• We need structures which enable us to reach out to those on the margins of our parishes rather than judging people as ‘no longer Catholic’ because they do not attend church regularly. Schools need to be a part of this outreach. 




Reminder: 5 Aims and Goals

  • share & celebrate life & faith 
  • support one another (especially in need)                            
  • reaching out to & include others
  • build community/extended family
  • show and give example to children     




Pease remember in your thoughts and prayer: 


  • Please keep Jocelyn Bryant who is undergoing Chemotherapy along with her husband Kevin and family in your thoughts and prayer 
  • Please keep  Paul and Linda Darbyshire in your thoughts and prayer amid challenges they face.
  • Please keep Christine Geoghegan and family in your thoughts and prayer.
  • Please keep in your prayer Leanne Hintz (Claire & Ray Hague’s  daughter. She is very unwell.
  • A 
  • Please keep Wayne and Mary Dorn in your prayers
  • Please keep Richard Gibbs in your prayer he continues to slowly improve. Remember his wife Sue who has just been a pillar over the past 3 years.
  • Please keep Robert van de Pas in your prayers – he continues to struggle with pain etc from Chronic Pancreatitis. Also Adriana his mother who is supporting him.
  • Please keep Preston Epplett in your prayer and his family. Preston is recovering.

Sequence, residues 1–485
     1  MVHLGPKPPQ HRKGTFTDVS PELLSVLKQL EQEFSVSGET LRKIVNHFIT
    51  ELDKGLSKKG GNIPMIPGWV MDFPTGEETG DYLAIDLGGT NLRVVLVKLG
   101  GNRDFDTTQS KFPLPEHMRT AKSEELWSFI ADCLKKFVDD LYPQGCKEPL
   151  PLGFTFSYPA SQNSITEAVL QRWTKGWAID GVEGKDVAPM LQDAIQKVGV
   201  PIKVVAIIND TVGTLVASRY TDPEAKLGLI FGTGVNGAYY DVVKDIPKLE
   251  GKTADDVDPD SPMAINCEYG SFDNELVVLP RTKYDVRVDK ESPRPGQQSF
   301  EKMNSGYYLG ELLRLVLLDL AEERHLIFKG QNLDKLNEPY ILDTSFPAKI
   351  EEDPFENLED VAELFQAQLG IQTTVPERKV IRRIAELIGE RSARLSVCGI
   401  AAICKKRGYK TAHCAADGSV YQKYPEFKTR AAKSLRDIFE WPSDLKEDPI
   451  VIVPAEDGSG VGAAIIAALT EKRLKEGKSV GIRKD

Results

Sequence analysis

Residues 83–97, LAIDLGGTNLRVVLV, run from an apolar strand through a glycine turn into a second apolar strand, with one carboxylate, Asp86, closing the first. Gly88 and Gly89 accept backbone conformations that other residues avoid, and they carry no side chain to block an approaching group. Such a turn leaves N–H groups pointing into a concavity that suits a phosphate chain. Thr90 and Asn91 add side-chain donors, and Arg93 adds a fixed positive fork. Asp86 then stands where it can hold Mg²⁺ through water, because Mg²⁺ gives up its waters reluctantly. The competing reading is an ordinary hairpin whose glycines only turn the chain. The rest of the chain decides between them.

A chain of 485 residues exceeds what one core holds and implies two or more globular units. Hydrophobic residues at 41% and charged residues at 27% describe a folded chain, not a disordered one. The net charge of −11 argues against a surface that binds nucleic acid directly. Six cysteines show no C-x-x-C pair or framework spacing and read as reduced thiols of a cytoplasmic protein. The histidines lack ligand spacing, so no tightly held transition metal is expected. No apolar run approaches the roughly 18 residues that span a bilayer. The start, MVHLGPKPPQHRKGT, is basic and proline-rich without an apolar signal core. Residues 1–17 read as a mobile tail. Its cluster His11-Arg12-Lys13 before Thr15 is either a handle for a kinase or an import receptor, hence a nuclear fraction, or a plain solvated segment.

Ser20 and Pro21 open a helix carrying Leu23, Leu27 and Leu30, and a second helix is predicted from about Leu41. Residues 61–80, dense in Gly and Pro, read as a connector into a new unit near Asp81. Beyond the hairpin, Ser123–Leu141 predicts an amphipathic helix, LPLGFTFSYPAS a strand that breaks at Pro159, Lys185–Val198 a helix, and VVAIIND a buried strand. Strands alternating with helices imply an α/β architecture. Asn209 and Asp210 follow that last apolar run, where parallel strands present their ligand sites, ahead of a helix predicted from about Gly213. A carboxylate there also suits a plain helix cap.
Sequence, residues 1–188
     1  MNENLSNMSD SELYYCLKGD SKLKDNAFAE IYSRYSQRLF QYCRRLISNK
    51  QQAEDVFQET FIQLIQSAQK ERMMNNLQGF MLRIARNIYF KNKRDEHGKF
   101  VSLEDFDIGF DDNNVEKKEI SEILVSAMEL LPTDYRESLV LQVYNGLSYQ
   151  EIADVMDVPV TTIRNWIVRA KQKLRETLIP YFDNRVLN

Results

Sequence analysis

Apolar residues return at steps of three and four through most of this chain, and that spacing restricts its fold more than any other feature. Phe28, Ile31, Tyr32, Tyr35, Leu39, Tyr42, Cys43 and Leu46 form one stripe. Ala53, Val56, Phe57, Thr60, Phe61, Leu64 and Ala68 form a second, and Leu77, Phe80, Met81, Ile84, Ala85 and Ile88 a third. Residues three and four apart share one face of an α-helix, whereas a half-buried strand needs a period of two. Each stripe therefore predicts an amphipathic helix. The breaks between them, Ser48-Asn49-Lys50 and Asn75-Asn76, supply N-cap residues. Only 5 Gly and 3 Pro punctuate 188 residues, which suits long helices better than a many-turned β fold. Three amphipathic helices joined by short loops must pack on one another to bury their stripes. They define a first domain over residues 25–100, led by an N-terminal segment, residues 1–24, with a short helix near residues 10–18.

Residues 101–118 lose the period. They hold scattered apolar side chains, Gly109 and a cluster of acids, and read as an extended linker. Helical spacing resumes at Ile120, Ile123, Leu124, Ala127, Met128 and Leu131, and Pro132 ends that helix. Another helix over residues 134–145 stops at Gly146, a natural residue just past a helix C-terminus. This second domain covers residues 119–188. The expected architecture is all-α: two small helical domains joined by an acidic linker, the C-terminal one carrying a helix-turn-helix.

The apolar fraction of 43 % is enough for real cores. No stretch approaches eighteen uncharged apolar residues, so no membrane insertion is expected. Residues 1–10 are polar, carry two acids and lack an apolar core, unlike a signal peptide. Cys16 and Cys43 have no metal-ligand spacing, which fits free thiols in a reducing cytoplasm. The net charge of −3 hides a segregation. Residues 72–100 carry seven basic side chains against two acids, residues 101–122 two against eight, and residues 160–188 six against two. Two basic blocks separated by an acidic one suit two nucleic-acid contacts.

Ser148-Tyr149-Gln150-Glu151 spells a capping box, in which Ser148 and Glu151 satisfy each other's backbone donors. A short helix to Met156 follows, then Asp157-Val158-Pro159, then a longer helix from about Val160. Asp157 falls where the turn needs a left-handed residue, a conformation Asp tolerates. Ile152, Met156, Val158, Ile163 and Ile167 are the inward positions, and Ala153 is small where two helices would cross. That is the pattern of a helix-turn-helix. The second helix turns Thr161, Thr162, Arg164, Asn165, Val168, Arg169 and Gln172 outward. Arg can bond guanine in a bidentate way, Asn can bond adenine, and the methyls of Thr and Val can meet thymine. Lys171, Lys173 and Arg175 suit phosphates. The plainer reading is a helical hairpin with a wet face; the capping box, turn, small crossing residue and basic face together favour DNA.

• Please remember Preston and Jenny Epplett’s daughter she has just completed her course of chemotherapy
  • Please keep Debbi Davidson’s husband Bryan in your prayer after Debbi died on 1st November. Also, please keep the children and grandchildren and friends in your thoughts and prayer. Grief is a tough journey.
  • Please keep Charlie and Maggi in your thoughts and prayer as they support their daughter and her partner
  • Please keep Anja van de Wettering in your prayers as she has shared she is expecting her second child.
  • Please keep David, Victoria and baby in your prayers. There has been some positive progress and it now looks as if this baby will make it to full term. 
  • Please keep a friend in mind who is in very early stages of pregnancy but has had a few miscarriages so, things are touch and go.
  • Keep in mind all those who are struggling with various aspects of mental health.
  • Please keep in mind a son of a friend of mine who has just been diagnosed with Post Traumatic Stress Disorder. 
  • Please remember Martin van der Wetering in your prayers as his health still is causing him grief and discomfort.